It’s hardly surprising (and no bad thing) that GCSE qualifications have come under heightened scrutiny following exam cancellations in 2020 and 2021. Two years of grade inflation and teacher assessment naturally intensify the argument about why we need them and what they’re for.
Even Kenneth Baker, their original architect, has called for GCSEs to be scrapped. Along with other critics on both sides of the party-political divide, he doubts that we need a 16-plus hurdle when students all now remain in education to age 18.
But not all critics conduct the debate with Lord Baker’s grasp of the issues. When you peel apart their concerns, it becomes clear that many centre more on the way GCSEs affect the curriculum, or approaches to teaching, than the qualification itself. Critics whose comments are headed “abolish” often turn out to be calling for content reform.
The risk in all this is we find ourselves judging a falsely diametric opposition: either we keep GCSEs as they are, or we abandon them in favour of something radically different.
Actually, the most striking feature of GCSEs is how versatile and adaptable they have proved over the years. Hundreds have been created and replaced during the lifetime of the qualification.
People mistakenly think that changing the curriculum automatically means getting rid of GCSEs. Of course, an assessment used to measure so-called “soft skills” (creativity, problem-solving, teamwork…) looks different from one designed to assess grasp of knowledge. But existing GCSEs in over 50 different subjects already assess students in many different ways, including teacher assessment and coursework.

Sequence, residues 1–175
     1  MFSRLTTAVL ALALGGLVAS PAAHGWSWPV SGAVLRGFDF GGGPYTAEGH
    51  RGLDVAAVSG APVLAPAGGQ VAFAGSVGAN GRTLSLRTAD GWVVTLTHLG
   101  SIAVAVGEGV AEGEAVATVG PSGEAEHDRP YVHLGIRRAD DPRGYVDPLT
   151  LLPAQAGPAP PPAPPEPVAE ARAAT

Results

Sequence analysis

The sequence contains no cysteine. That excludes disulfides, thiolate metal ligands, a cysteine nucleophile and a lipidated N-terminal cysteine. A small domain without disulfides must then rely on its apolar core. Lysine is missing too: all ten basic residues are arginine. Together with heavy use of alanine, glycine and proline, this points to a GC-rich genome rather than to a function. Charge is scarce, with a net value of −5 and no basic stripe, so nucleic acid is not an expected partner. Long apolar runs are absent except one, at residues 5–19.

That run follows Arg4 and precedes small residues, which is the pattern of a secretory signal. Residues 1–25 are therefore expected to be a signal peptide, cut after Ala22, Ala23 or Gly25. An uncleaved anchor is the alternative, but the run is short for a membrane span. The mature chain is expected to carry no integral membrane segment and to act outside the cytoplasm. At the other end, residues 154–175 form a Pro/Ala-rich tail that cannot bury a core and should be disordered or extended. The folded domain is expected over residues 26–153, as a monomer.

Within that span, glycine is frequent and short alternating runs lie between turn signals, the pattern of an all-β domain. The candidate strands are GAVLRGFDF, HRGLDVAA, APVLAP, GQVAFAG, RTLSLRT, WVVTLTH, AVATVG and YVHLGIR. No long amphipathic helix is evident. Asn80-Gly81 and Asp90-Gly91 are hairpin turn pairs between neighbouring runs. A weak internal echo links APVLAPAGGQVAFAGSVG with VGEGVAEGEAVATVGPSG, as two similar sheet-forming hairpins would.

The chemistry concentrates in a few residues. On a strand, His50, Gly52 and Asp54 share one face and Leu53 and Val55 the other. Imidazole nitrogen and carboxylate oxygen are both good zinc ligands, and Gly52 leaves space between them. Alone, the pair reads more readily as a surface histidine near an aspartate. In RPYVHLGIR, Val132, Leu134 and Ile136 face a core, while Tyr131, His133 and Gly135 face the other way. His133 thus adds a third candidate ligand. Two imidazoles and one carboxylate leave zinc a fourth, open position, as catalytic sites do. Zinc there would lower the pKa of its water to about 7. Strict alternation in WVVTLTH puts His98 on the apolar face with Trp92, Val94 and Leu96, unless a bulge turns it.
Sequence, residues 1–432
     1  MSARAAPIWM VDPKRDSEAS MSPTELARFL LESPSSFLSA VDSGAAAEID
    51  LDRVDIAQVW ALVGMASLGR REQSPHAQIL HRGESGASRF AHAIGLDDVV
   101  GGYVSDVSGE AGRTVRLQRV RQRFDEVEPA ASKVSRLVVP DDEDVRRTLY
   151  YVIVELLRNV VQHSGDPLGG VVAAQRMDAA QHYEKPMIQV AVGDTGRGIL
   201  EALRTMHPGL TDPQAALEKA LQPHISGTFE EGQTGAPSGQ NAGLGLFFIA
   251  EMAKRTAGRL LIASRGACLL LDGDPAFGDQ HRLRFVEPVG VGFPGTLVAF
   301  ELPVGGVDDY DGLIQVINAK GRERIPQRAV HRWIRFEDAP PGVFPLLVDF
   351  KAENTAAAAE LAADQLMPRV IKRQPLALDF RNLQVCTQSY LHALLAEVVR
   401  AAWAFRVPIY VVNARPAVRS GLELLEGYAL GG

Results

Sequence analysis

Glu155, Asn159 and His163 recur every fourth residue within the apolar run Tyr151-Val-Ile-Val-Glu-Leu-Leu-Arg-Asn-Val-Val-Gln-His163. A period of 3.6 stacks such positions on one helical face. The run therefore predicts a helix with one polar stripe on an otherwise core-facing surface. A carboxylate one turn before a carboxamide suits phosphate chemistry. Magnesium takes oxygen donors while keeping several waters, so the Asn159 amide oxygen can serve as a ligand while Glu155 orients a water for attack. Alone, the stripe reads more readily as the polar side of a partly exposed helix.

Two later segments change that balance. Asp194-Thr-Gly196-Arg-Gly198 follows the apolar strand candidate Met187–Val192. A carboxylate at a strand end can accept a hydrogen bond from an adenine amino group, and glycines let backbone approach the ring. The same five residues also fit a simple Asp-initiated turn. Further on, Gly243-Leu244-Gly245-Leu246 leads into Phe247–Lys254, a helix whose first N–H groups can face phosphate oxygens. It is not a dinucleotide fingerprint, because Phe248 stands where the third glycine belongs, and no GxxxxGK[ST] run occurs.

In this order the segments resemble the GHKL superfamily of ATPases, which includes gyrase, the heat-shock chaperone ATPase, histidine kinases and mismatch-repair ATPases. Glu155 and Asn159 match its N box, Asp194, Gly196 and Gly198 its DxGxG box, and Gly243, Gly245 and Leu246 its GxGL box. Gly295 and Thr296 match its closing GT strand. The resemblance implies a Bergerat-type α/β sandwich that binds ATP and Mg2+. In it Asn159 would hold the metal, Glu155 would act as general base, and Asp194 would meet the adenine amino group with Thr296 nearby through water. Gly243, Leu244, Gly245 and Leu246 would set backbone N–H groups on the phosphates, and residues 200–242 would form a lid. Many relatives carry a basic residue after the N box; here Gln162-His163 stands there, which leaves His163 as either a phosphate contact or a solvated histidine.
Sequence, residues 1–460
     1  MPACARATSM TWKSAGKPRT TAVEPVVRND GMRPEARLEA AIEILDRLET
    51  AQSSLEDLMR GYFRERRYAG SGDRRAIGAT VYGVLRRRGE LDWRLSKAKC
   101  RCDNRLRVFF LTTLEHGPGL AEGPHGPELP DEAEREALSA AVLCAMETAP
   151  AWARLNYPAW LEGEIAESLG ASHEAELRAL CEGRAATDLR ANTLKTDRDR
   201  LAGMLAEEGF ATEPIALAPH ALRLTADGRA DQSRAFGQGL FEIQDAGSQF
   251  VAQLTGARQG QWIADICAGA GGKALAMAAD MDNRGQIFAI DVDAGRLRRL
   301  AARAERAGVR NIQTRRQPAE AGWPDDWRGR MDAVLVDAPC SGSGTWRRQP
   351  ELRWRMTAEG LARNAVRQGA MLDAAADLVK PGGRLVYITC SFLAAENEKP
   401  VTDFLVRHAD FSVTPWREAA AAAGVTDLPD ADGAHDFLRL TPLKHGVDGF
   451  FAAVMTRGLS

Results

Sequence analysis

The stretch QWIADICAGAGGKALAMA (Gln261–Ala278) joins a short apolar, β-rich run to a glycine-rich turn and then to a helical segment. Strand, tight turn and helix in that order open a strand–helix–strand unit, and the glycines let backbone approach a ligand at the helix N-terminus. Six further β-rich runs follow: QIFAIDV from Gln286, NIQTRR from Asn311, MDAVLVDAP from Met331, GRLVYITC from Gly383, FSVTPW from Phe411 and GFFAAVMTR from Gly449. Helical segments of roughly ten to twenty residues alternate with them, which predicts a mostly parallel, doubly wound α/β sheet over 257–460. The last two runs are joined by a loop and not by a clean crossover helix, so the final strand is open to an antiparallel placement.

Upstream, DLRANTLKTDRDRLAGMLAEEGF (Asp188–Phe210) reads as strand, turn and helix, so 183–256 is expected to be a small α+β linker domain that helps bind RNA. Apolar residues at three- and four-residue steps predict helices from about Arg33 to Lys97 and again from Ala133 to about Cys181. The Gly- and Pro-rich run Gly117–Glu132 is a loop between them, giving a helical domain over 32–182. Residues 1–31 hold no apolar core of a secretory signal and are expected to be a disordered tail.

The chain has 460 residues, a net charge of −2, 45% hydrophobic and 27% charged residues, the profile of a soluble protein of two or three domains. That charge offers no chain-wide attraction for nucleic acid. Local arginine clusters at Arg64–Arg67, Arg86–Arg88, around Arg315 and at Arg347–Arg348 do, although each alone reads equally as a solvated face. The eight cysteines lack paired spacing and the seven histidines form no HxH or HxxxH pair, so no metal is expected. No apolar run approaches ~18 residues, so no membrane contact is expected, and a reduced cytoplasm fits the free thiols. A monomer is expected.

Also, many people who call for the complete deletion of assessment at 16 fail to explain what we’re going to do about the fact that well over half of all students change institution at that age. Any would-be reformer should have to explain what these young people will take with them.
Exams influence massively what’s taught and how, and so they should be exposed to constant review to ensure they reflect changing social expectations, as well as educational needs. Above all, any qualification that lacks broad public support is an empty shell.
The fact is, though, there’s no evidence GCSEs have lost that public confidence. On the contrary. Surveys of teachers and parents during the pandemic consistently showed that large majorities want to return to exams as soon as possible because they see them as more rigorously fair and objectively transparent than the alternatives.
And what do students themselves think? Where is their voice?
If you follow teenage social media in a normal exam year (as many of us at AQA do!) you probably think you know the answer. Students emerge from each exam with ever more inventive memes bemoaning the papers they’ve just taken. So surely you’d expect general student support for their demise?
Well, no. Quite the opposite.
AQA recently commissioned a poll of 1,001 young people in England who took GCSEs before the pandemic. Three-quarters of them said they were glad they’d sat them. The vast majority said their grades enabled them to move forward to the next stage of their lives and helped inform their decisions about what to do next. Most also reported that preparing for their GCSE exams helped motivate them, and helped prepare them for exams they took in subsequent years.
Not all the responses were rosy. Most young people thought GCSEs were too academic, and a lot thought they’d done too many. And students who attained lower grades were conspicuously less enthusiastic about the value of the qualification.
What you take away from these findings will probably come down to which side of the debate you’re on: there is clearly strong student support for GCSEs, but also an obvious steer that the qualifications aren’t working as well as they could for everyone. But it’s important we hear what young people are saying in these findings. The next generation of students, perhaps especially because they have been afflicted by the pandemic, deserve an informed and balanced debate about the future of GCSEs, and one that reflects their lived experience.